How Is The Market For Global Talent Going To Change In The Next 5 Years?

This is an excerpt from a longer piece I wrote about three rapidly growing industries in the 2020s.

Let me just start by saying I am LONG the global market for skilled labor. If I had a personal north star, this is it. Developing human capital is the oil of the 21st century. Not data. Data is cool too, but figuring out how to educate a billion more people in a highly pragmatic way so they are able to do the work needed in the “information economy” is the greatest value unlock of the next 10 years.

I have spent a good amount of time in Ukraine over the past 6 years and have seen up close what a growing IT industry does to an economy and all of the peripheral new opportunities that emerge once people in an economic system start to have more money. Once a labor market reaches a critical “activation energy” it produces a few really important byproducts- role models, mentors, new career tracks, community groups (ie Kyiv product manager meetup), knowledge sharing, more demand for talent and specialized training programs. This makes continued growth organic and sustainable. Reaching this ‘activation energy’ is the key precursor to private investment.

There are a lot of factors that go into ‘activating’ a knowledge economy. Some of which I took for granted until I went to Rwanda and Kenya in 2019 so let’s start there. That trip taught me a lot about my blindspots. I attempted to start a coding bootcamp in Rwanda (unsuccessfully, but maybe I will try again in the future) and a few prerequisites for a successful information economy I had never considered became very apparent to me; cost effective internet, cost effective electricity and reliable devices (…I know). Without those three elements, you are basically fu$ked when it comes to participating in the global ‘information economy’. I hope that the innovation in clean energy can help solve the electricity part of this puzzle (ie that solar panel example I mentioned).

Between my experiences in Ukraine and Rwanda, I have thought a lot about the “lifecycle” of how any particular place goes from where it is today to reaching the ‘activation energy’ needed for sustainable private sector growth and participation in the ‘information economy’. In my view, the first part of the lifecycle requires government funding, smart policy and/or non-profit funding to get a large enough percentage of the population to the starting line for investors interested in developing a skilled workforce.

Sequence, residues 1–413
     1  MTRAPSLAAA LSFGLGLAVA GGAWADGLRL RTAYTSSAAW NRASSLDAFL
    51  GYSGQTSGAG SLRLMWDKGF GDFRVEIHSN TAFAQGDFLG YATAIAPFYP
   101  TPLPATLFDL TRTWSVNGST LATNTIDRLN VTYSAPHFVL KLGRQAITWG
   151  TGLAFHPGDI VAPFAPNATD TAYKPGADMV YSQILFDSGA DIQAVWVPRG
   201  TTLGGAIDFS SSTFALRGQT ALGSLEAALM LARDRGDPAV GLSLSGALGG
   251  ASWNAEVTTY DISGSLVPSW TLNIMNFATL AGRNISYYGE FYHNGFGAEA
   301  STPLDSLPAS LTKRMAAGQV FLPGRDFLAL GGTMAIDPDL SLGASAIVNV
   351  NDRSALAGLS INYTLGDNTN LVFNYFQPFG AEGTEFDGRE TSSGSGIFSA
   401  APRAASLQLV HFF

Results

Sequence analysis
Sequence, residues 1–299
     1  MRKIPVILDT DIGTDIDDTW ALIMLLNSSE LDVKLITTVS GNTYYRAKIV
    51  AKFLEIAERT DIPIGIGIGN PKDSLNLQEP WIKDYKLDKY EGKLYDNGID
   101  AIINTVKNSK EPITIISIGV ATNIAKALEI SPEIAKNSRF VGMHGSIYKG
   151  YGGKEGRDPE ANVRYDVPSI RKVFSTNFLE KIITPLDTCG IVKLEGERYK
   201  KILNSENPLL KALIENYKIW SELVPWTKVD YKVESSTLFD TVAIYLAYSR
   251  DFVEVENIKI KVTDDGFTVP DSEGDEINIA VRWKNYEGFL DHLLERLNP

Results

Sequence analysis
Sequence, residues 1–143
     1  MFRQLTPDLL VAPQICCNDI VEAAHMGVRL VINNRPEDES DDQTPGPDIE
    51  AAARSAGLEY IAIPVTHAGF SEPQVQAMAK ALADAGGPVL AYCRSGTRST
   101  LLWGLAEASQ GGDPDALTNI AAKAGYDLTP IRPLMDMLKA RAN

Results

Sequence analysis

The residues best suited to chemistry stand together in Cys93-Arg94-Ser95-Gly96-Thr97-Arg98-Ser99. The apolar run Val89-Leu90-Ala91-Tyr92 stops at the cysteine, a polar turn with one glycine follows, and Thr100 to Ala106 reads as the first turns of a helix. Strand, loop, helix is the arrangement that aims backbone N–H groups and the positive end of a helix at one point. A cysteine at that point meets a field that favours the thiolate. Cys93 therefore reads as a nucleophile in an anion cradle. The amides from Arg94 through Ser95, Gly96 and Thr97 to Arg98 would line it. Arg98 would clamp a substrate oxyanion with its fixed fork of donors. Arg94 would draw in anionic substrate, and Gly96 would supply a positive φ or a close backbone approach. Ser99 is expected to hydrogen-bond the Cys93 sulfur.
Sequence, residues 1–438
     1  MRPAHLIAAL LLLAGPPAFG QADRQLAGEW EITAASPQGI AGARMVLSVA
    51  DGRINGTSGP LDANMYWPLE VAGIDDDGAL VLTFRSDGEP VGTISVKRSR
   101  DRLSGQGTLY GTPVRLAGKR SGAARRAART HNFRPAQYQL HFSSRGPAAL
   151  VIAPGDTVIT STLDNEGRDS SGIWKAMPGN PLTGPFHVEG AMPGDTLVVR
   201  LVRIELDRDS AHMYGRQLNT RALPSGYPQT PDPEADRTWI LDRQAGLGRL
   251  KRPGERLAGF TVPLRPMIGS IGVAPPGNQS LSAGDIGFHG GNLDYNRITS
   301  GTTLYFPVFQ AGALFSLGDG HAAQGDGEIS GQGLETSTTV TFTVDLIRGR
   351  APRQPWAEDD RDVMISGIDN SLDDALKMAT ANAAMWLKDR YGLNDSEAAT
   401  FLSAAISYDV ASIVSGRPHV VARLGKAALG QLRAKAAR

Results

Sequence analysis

Here are some macro thoughts:

Part 1: Good primary education for poor kids is a prerequisite. This is not something that private investors are going to pay for (unless you want people betting on kindergartners and taking 20% of their lifetime earnings which is a dystopian hunger games future we probably don’t want). Without this step, the gap from where an apprentice or student starts their training to the time and cost it takes them to become a productive, specialized employee is too high for private investors to fund.

This is part of why Ukraine, Belarus, India, Russia, Brazil, Argentina, etc are booming ‘information economy’ labor markets but Rwanda, Kenya, Nigeria, etc much harder. The first set of countries I mentioned also already has all of the positive ‘byproducts’ for sustainable growth but none of that would have been possible without a strong foundation of good primary education for millions of kids.

Andela raised over $100M but that wasn’t enough. It requires billions of dollars in public investment to get a large enough portion of society primed for specialized training that can yield higher wage jobs. A cynical (but realistic) way of looking at this is that if a company wants to open an office for developers, they know in Ukraine they can find 100,000 software developers who will be competent or trainable, but in Rwanda today they might be able to find 200. So the shortage of economically viable, trainable labor supply is the primary problem to be solved. Until economies of scale for professional training programs can be achieved, an “information economy” is not going to “activate”. The profit incentives aren’t strong enough.

That being said, whoever can unlock the intellectual capital of Africa, Central America, Indonesia, etc has a huge market opportunity. There are a lot of smart people in all of these places who just need the right conditions and they will thrive.